Christie’s Fine Art Storage Services, Inc., the art warehousing subsidiary of the leading auctioneer company, Christie’s, has succeeded in obtaining a dismissal of negligence and breach of contract claims asserted by the property insurer of a trust which owned the extensive art collection of a deceased wealthy member of the Rothschild banking family. The art collection, which was stored on the first floor of the Brooklyn warehouse owned and operated by Christie’s storage arm, had been substantially damaged in Superstorm Sandy when flood waters from the storm surge flooded substantial sections of New Jersey and New York, including Brooklyn.
The subrogated insurer, AXA Art Insurance Corp., brought suit against CFASS in New York County Supreme Court. In addition to negligence and breach of contract claims, AXA asserted that the defendant was grossly negligent when it left its insured’s fine art collection on the ground floor of its facility despite advance warning of Sandy’s potential for severe flooding, and, had negligently misrepresented to its customers days prior to the onset of Sandy-caused flooding that it was taking proper steps to move their possessions to upper floors of the warehouse when, in fact, it took no such steps.

Attorneys for CFASS convinced the trial court judge to dismiss AXA’s claims based upon a “lost damage liability,” or LDL, waiver contained in the storage contract, pursuant to which AXA’s insured agreed to not only release CFASS from “all liability for physical loss or damage” to the art collection, but also to obtain its own coverage for such loss or damage, and , to notify its insurer of the existence of the waiver and to see to it that the insurer waived any right of subrogation. Although there was no express waiver of subrogation contained in AXA’s policy, the trial court judge ruled that the storage contract provisions operated as a waiver of subrogation which was legally binding on the property insurer.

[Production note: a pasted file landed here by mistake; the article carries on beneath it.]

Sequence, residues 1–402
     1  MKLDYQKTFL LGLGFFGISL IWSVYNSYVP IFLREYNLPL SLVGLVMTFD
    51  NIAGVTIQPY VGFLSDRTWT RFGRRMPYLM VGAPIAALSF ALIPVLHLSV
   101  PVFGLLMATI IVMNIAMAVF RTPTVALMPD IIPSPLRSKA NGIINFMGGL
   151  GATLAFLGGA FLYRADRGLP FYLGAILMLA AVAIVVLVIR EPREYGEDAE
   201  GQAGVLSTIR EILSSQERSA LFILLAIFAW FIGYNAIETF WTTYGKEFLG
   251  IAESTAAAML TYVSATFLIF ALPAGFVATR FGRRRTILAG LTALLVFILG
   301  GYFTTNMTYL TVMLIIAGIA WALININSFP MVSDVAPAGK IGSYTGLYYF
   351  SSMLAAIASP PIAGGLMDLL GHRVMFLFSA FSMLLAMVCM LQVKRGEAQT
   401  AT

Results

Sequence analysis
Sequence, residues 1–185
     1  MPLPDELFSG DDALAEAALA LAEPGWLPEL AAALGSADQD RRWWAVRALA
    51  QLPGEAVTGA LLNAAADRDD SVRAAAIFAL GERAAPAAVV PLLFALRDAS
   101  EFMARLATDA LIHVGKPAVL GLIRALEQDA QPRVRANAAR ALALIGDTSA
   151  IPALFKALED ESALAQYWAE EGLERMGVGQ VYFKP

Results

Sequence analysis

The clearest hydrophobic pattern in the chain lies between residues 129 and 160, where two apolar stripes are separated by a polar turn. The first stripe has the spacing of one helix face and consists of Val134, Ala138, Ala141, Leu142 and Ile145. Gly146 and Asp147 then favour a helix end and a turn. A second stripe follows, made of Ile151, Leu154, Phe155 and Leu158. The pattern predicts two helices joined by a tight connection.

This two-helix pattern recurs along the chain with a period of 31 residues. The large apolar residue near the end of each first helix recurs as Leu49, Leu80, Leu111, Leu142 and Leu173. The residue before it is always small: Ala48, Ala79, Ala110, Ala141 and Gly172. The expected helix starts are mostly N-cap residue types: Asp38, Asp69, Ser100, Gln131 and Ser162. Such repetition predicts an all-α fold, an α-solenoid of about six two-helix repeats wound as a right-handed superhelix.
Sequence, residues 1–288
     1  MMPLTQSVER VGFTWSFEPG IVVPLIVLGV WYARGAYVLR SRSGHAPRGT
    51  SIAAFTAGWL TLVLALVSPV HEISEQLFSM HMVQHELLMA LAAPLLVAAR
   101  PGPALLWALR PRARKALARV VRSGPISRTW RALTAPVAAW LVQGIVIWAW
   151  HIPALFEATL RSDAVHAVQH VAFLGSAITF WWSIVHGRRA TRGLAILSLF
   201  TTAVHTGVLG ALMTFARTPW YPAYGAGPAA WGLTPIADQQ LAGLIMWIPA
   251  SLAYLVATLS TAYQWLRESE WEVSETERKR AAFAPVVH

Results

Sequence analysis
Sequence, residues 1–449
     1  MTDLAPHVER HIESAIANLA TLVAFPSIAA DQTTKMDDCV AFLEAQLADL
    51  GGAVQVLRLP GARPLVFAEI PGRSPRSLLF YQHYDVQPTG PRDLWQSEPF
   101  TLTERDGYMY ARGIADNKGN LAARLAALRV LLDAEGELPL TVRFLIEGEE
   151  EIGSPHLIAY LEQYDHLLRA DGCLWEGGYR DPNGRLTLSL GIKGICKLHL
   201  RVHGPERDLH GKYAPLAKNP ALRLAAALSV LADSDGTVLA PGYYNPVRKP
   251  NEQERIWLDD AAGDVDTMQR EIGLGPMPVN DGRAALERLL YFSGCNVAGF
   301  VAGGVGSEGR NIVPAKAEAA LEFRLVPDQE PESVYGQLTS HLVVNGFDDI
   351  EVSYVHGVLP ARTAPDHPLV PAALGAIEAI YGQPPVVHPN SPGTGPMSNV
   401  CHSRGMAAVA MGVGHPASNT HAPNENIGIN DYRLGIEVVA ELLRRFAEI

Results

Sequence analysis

Interestingly, in a case before the same New York Court brought by the property insurer for the estate of American Artist LeRoy Neiman, whose art collection was damaged at the CFASS facility by Sandy’s floodwaters, the trial judge noted with interest that the Neiman estate had specifically contracted for storage of the collection in a particular climate controlled second floor unit and, in fact, had been billed for storage in that unit, but the collection had actually remained on the ground floor loading dock area of the CFASS facility. The court has not yet issued a ruling in this case, while AXA has filed an appeal of the Order of Dismissal in its case. The two cases are AXA Art Insurance Corp. et al. v. Christie’s Fine Art Storage Services, Inc., Case No. 652862-2013, and, StarNet Insurance Co. v. Christie’s Fine Art Storage Services, Inc., Case No.159899/2013.

These and other cases still winding their way through the various courts make clear that although the flood waters from Superstorm Sandy may have receded and much of the debris left by the storm surge cleaned up, the financial effect on those who suffered substantial damage in the storm, and their insurers, has yet to be finally realized.